In what events are you planning to participate?
CP: In cross-country skiing, there are six different events, and I don’t know which ones I’ll be doing yet. It’s a tight process. I hope to be doing some of the longer distance events from 10 kilometers up to 30 kilometers of racing. We have eight women on the U.S. team for cross-country skiing, but only four can start each of the races. The best way to prepare for this scenario is to be adaptable and ready to race at any point if I get the call.
EL: I’m skating the 1,500 meter, which is an individual event and then the team pursuit, which I’m looking forward to doing. The U.S. team hasn’t competed against a fully healthy Dutch team in a while, so I’m excited about trying our hardest and beating every country when they are at their best. I’m ready to show that when we all compete at full strength, that the U.S. can come out on top.
You’ve been balancing academics and training for quite a long time. How do you make it work?
CP: A lot of time management. I set priorities every day, making sure to keep in mind what works well at particular times of day. I’m always training in the morning, which leaves the afternoon for focused work time. During the summer, I’ll usually train two times a day, so it’s great to have computer coursework that I can do in down times.
Also, it helps to keep the bigger picture in mind, whether that’s a deadline at the end of the week or if it’s this big Olympic goal. Little details add up to big things, which helps motivate me if I need to work on coursework little by little every day or train every day to get prepared for the Olympics.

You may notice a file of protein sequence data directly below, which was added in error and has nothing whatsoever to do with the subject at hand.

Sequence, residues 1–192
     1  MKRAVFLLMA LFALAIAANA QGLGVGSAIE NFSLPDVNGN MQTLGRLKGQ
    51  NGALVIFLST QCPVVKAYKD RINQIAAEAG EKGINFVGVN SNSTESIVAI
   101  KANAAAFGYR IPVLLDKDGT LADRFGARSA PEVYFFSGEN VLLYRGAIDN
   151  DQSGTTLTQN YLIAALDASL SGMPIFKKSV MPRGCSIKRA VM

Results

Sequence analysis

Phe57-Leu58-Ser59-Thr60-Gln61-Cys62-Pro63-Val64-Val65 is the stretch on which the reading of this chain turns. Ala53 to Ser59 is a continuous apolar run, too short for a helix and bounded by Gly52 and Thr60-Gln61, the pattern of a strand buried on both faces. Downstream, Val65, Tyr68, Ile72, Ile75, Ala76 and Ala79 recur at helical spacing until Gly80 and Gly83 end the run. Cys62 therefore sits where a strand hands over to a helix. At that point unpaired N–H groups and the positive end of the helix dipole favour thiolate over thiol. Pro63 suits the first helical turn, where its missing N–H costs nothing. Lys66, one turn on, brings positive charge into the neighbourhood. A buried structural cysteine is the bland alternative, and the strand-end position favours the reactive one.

EL: It takes a lot of discipline. Especially over the summers, when we have much longer training sessions. My plan of attack for the program is to chip away at it. I do as much as I can to carve out some time and get things done. I’m also up front with my coach. If I need to take an extra day to do schoolwork then, so be it.
What encouraged you to pursue a graduate degree?
CP: Civil engineering is something I’m very interested in pursuing as a more conventional career after my athletic career. My elite training team has a partnership with an outdoor center and one of the projects I helped with was the design and construction of a new ski lodge. It’s been really rewarding for me to a connect my two careers. I started working on my masters through the JHU Engineering for Professionals program in 2020, and I’ve now taken four courses towards my master’s degree. It’s been a great way to wake my brain back up to an academic and engineering mindset while continuing with my skiing career.
EL: Civil engineering was something I wanted to do after I graduated, as I know I can find a job in it and it interests me. With my current athletic goals, I like that the Engineering for Professionals program allows me to take one class at a time. By taking one at a time, I can continue training and make progress toward both goals.
This article was originally published on The Hub.